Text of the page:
By Shankar Vedantam
Monday, April 16, 2007
Economists have long known there are two reasons that people cheat on their taxes. One is that they are poor and need the extra cash so badly they are willing to risk getting caught. The other is that they are rich and have lots of "non-matchable" income -- mostly investment income not directly reported to the government -- which makes it less likely they will be caught.
Taxpayers in the middle class are the least likely to cheat: They are not struggling to make ends meet, and their income is mostly wages, which are directly reported to the Internal Revenue Service. If you measured the likelihood of tax evasion by income level, in other words, the graph would look like a giant U.
What economists missed seeing until recently, however, is that both these explanations are really part of a single, larger theory. Essentially, said Kim Bloomquist, a senior economist at the IRS in Washington, the more people you have at the upper and lower ends of the income spectrum -- at the ends of the U -- the more tax evasion you are likely to see. A central cause of cheating, in other words, might be inequality.
Bloomquist tested his hypothesis. In 1980, Americans under-reported 3.6 percent of their income. In 2000, Bloomquist estimated that they underreported about 5.6 percent of income -- based on increases in the kinds of income not reported to the government on documents such as a W-2 form.
In the same period, the non-matchable portion of the income of the wealthiest 5 percent of Americans rose by 9.2 percent a year. In 1980, about 19 percent of the income of the wealthiest 5 percent Americans was non-matchable. By 2000, it was 37.9 percent.
Bloomquist also compared underreported income with other inequality analyses. University of California economists Thomas Piketty and Emmanuel Saez found that in 1970, the wealthiest 10 percent of Americans had 31.5 percent of all reported income. By 2000, they had 43.9 percent.
"Empirical results show a statistically significant relationship between a measure of pre-tax income inequality . . . and U.S. wage and salary reporting noncompliance for the period 1947 to 2000," Bloomquist concluded.
Bloomquist said he has found only a flag, not proof, that inequality causes tax evasion. What would settle the question is better data on tax evaders. He said the IRS plans to conduct random audits in a more systematic fashion in the future, which should provide better evidence.
But another line of evidence suggests the economist is on to something. International data suggest that the size of a country's shadow economy -- income not reported to authorities -- appears to be linked to income inequality.
In a study of 23 countries, in which nations got inequality ratings from 0 to 100, the Netherlands had an inequality score of 29.6 and Mexico had a score of 54.98 -- meaning Mexico is more unequal than the Netherlands. The shadow economy in the Netherlands was 13.4 percent of the legitimate economy, but it was 49 percent in Mexico. Thailand had an inequality score of 48.8 and a shadow economy that was 71 percent of the legitimate economy.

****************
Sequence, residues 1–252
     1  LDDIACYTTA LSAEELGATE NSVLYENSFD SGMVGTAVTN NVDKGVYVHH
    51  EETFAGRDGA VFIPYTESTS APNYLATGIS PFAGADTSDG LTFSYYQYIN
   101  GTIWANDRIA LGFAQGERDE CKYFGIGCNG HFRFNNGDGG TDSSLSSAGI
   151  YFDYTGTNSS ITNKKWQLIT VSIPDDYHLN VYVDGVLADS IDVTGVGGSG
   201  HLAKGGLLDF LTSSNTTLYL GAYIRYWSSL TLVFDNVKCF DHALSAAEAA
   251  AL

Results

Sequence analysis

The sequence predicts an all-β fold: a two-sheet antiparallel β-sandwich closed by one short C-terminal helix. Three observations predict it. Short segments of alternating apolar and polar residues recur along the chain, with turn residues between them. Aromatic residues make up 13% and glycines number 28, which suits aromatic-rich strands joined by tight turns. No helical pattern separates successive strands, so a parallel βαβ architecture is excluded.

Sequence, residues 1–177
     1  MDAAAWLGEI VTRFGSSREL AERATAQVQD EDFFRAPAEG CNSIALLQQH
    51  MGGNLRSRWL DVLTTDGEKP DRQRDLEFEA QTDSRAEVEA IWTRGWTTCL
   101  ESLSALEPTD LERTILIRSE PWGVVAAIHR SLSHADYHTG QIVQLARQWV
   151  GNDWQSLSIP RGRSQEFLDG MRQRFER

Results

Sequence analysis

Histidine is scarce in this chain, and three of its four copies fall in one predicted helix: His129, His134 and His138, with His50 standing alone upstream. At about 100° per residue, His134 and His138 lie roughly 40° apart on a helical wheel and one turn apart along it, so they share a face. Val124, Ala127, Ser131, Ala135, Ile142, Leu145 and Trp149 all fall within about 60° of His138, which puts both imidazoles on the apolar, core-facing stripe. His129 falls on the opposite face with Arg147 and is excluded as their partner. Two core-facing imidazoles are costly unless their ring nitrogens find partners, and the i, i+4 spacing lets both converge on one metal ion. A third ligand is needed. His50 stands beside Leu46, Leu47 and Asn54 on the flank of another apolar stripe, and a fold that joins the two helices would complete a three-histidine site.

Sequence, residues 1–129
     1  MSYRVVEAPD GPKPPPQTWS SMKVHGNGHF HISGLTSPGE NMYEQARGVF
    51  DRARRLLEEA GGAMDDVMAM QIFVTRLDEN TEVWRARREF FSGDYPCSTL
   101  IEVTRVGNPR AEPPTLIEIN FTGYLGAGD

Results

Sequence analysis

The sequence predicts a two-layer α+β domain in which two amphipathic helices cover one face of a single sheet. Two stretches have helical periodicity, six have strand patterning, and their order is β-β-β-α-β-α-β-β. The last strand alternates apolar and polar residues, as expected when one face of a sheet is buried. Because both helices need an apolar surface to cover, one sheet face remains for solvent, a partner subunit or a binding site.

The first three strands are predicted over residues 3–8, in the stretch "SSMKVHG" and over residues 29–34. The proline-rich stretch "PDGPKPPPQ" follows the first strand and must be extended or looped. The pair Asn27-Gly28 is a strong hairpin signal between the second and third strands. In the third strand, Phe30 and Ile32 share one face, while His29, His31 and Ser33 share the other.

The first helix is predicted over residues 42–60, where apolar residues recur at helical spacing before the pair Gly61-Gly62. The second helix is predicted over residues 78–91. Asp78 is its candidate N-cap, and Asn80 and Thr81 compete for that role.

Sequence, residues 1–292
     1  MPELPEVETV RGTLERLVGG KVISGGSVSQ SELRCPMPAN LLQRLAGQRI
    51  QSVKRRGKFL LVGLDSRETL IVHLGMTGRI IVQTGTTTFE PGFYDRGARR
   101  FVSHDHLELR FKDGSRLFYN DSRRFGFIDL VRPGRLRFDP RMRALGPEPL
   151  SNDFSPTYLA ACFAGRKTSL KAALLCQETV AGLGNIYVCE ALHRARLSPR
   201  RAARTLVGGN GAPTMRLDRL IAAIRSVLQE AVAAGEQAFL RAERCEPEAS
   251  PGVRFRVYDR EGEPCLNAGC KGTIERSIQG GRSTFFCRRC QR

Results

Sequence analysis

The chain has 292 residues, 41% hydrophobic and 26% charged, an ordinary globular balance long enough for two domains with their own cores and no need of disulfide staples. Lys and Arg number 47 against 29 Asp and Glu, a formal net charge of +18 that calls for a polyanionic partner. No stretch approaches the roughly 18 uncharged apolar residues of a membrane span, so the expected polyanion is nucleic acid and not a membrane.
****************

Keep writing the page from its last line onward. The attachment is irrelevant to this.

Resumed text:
The United States had an inequality score of 37.8 and a shadow economy that was 10.5 percent of the size of the legitimate economy, which suggests that better monitoring of income may be compensating to some extent for the effects of inequality on tax evasion.
Bloomquist believes tax evasion can be reduced by further increasing the visibility of investment and small-business income. The IRS has found that wage income reported to the government produces a reporting accuracy of 99 percent, whereas the accuracy of reporting "non-matchable" income is only around 44 percent.
Other experts are considering more creative ways to improve tax compliance. One idea is to take advantage of people's desire to get a refund at the end of the year.
"What some people do when they are doing their taxes is they do a first draft and see how much they are getting back," said Richard Thaler, a University of Chicago economist who studies how people think about money. "If they owe money, then they do a second draft. They keep finding deductions until the refund is positive."
Thaler said mandatorily increasing withholding levels so more people get refunds could increase compliance because taxpayers would no longer have to go to great lengths to get a refund.
Economist John Carroll at the Massachusetts Institute of Technology once explored the same phenomenon: He audiotaped taxpayers as they were filing taxes, getting them to speak their thoughts aloud. While many recognized that getting a refund meant they had given the government an interest-free loan, they said they loved to get a check from the IRS.
Would the IRS want to encourage people to withhold more money and claim refunds? Bloomquist said no. For one thing, most people who get refunds are taxpayers in the middle class who are the least likely to cheat anyway.
Besides, Bloomquist added, compliance is not the only issue: Increased withholding would mean people had less of their own money to use during the year -- last year, 108 million taxpayers overpaid nearly $250 billion to the government. Nearly 75 percent of taxpayers got refunds, which averaged $2,264.
Finally, Bloomquist said, unscrupulous tax-preparation firms already charge needy people high interest rates to get instant refunds, meaning that if you encouraged more refunds, more people would end up paying to get their own money returned to them.